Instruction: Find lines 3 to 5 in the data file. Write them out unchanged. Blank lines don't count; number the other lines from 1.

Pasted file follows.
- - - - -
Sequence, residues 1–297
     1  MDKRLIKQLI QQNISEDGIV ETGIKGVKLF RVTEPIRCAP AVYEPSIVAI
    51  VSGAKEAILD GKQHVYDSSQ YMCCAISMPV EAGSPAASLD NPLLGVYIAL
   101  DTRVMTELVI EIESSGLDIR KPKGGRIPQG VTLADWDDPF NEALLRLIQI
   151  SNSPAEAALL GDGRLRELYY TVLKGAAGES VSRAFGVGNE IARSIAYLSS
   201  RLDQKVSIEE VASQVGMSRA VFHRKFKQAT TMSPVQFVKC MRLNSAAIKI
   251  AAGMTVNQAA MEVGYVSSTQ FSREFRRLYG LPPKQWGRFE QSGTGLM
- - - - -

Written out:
    51  VSGAKEAILD GKQHVYDSSQ YMCCAISMPV EAGSPAASLD NPLLGVYIAL
   101  DTRVMTELVI EIESSGLDIR KPKGGRIPQG VTLADWDDPF NEALLRLIQI
   151  SNSPAEAALL GDGRLRELYY TVLKGAAGES VSRAFGVGNE IARSIAYLSS